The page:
“And the wife is not the same as the virgin. The virgin gives her mind to the things of the Lord, so that she may be holy in body and in spirit: but the married woman takes thought for the things of the world, how she may give pleasure to her husband.” 1 Corinthians 7:34
Keeping this verse in mind, the following excerpts are from Dr. Laura’s book for wives, “The Proper Care & Feeding of Husbands.” I’m single. My body and spirit together belong to only One.. for now. I’m reading this book through for a few reasons.. one being, I want to one day be the best wife EVER, but I also believe that the marriage commitment is a parallel to the covenant commitment God made to me. So.. in reading, I’m constantly being reminded that these roles are already written on my heart, whether or not I submit myself to a husband one day. So anyway.. if you’re single, read this. If you’re married, I can only imagine you’ll want to read the whole book.. it makes so much sense and is so refreshing.
Having [a] loving, attentive, playful connection with [your] husband reduce[s] stress by adding a dimension of shared joy. This is a point too many women miss when they complain about being drained by their husbands’ needs, or when they resent their husbands’ needs, or when they perceive themselves as being victimized by their lives.
Which brings me to my next point, which is that lives are constructed of choices. Unless lightning has struck your house (obviously out of your control), your life is constructed out of the building blocks of your choices, good ones as well as bad. The bad choices (self-centered, short-sighted, immature, or just plain stupid) can have unpleasant consequences to marriages.
There are only so many hours in a day and only so many things any of us can do and still do well. Prioritizing is a must. Without it–that is, without formally or informally listing in order of importance what is necessary and whit is negotiable–the important things tend to slip down on the list. Prioritizing is a moment-to-moment necessity, not just an issue of long-term planning.
Luke, a listener, wrote to me of a call he heard on my program that changed his immediate behavior. The caller had asked what she could do about her husband, who felt that he wasn’t the number one priority in her life. I quickly told her that she needed to make him the number one priority or, in essence, her marital vows were hollow.
Of course, she resisted, complaining about already having too many demands on her and this just made her life tougher. I commented on how self-centered a perspective that was and challenged her to imagine being on the receiving end of her behavior.
After hearing this, Luke wrote:
“I was thinking about how crazy it is to marry and then not enjoy it with your spouse. My wife and I have been married for just under a year, and I really enjoy the marriage. Then I began to reflect on what my weekend held, and you guessed it: I was about to neglect our ‘Friday Date Night’ in the name of studying for my college finals and my lesson preparation for my high-school teaching job. Well, my wife was still at work when I got home, so I got out the books and tried to get as much done as possible. When she walked in the door, I hugged her and told her to get ready because we were going out on the town that night.”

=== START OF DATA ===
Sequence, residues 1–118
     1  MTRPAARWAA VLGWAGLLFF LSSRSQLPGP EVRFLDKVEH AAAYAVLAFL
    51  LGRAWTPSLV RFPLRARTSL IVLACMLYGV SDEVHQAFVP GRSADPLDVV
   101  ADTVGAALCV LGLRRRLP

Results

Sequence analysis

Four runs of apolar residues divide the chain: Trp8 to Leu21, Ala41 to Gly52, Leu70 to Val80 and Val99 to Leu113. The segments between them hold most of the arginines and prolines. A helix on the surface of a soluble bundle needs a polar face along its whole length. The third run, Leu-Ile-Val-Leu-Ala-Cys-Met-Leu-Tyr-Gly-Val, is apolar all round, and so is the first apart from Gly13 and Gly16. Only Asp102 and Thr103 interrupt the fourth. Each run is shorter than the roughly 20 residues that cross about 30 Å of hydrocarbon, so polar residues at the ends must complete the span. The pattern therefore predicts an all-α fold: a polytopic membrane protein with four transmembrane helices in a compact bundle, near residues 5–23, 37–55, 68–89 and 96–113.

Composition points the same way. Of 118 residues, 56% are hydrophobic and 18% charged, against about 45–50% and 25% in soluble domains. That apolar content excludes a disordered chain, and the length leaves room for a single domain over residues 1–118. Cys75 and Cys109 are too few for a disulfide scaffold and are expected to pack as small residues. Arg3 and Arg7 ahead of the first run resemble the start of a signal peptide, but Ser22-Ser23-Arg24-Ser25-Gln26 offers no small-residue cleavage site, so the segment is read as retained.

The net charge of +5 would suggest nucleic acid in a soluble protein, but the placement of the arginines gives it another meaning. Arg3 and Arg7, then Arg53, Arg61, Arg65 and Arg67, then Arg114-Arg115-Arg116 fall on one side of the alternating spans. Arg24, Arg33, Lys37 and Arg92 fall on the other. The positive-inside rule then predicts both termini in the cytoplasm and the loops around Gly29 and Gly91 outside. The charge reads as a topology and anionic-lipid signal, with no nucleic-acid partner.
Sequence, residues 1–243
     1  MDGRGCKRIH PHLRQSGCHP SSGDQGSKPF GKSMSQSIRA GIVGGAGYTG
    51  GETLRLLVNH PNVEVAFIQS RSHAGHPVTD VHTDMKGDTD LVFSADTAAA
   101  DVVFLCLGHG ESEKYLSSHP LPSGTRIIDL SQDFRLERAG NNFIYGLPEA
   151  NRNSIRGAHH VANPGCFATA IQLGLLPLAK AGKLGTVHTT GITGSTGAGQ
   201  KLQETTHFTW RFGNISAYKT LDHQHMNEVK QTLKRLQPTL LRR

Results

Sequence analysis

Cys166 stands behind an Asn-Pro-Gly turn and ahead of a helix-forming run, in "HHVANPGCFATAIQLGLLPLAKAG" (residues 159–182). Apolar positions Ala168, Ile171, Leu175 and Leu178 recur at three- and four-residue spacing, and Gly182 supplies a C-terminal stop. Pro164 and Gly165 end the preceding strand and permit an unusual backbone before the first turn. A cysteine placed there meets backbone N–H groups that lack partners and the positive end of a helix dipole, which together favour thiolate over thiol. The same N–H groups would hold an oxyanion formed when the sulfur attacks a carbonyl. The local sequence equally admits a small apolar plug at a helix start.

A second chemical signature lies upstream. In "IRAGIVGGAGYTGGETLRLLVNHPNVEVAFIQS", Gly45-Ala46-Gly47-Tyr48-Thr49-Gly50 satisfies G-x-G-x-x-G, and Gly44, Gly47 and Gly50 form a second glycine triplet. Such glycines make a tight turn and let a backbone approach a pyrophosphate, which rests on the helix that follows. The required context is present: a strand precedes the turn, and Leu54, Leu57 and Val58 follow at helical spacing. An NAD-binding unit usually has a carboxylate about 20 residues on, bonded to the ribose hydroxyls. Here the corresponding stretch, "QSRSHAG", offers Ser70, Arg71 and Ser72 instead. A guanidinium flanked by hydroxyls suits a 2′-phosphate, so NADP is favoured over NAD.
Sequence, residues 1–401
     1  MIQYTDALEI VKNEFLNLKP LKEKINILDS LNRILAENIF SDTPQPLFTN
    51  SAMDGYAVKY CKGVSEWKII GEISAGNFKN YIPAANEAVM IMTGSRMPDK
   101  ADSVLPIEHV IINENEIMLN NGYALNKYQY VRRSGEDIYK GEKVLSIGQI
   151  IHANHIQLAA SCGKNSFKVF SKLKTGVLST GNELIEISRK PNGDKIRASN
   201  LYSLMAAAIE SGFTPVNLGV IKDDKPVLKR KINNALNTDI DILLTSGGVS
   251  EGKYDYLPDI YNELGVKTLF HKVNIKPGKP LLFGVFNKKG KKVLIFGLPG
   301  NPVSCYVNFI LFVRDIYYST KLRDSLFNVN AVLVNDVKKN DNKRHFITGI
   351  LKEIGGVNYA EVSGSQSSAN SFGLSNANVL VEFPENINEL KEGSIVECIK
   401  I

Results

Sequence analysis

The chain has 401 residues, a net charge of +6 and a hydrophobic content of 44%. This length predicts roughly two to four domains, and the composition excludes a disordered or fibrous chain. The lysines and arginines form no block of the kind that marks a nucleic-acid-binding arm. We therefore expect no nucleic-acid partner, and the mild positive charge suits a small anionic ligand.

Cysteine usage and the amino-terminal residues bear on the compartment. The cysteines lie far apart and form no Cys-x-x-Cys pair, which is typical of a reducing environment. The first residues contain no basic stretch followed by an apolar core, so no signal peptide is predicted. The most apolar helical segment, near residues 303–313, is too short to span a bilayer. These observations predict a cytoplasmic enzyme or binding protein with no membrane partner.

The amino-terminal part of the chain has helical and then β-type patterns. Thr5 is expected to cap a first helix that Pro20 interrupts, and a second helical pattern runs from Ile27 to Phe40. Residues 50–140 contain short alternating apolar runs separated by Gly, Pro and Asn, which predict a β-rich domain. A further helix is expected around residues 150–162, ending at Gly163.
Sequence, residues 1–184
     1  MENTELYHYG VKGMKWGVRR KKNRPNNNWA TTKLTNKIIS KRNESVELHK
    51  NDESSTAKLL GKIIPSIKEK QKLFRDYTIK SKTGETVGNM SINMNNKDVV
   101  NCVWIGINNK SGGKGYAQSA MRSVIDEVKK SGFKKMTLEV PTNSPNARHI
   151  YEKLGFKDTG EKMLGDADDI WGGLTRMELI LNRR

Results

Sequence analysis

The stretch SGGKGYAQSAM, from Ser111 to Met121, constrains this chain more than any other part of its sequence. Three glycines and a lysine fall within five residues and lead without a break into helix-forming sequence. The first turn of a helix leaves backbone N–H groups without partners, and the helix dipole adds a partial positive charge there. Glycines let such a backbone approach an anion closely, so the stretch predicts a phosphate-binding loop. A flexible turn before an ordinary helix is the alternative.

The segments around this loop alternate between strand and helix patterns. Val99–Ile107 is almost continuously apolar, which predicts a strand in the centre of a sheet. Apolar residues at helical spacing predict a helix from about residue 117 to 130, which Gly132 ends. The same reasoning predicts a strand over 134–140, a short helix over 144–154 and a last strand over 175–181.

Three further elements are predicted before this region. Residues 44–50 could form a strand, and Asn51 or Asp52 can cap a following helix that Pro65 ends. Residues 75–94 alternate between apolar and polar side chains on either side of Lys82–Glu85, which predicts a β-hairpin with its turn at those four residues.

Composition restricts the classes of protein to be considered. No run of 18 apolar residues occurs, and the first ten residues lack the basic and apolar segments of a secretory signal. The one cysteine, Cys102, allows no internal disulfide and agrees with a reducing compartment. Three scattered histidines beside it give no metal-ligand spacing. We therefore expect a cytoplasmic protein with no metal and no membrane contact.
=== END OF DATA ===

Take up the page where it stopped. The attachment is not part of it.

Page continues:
Luke admitted that he had been letting her slip on his priority list–and that it hadn’t even taken a year for him to become a meathead. He had justified this priority shuffling with the thought that he would put his wife at number one when he had more time. He ended his letter by thanking me for the lesson learned that no one is immune to occasional short-sightedness and faulty logic.
It is important to look again at what the logic was: that he would put her at number one when he had more time. What does that mean? That means that she was never to be number one unless there was nothing else on the list. When was that going to happen?
If you decide that the most important thing about your life is your worker-ant role, you’ll likely feel drained a lot of the time and resent the obligations you have to your husband and children–obligations that, ironically, will save you from that feeling of being drained in the first place.
You are not loved, adored, and intimately needed at work. Check out all the competitive backbiting, layoffs, and computerization and mechanization substitutions for human beings going on in the work place. Meanwhile, you are a goddess to your children and a queen to your husband. Let’s see. Aside from the paycheck issue, which one is more nourishing and rewarding?
Now let me make something completely clear. I am not suggesting married women should not work. I am not suggesting that there is no valid form of personal expression of creativity and special gifts outside the home. Obviously, I have a radio and writing career. I just took up sailing. I love taking on challenges and doing service. But from day one, I have always made it clear to everyone, especially my husband and child, that if anything got in the way of family, it would get tempered or excised.
It’s one thing to have a tiring, stressful day–or even week. It’s another thing to allow outside activities, no matter how seemingly important, to routinely get in the way of obligations to the roles created by holy vows, moral obligations, and love.
From “The Proper Care & Feeding of Husbands” by Dr. Laura Schlessinger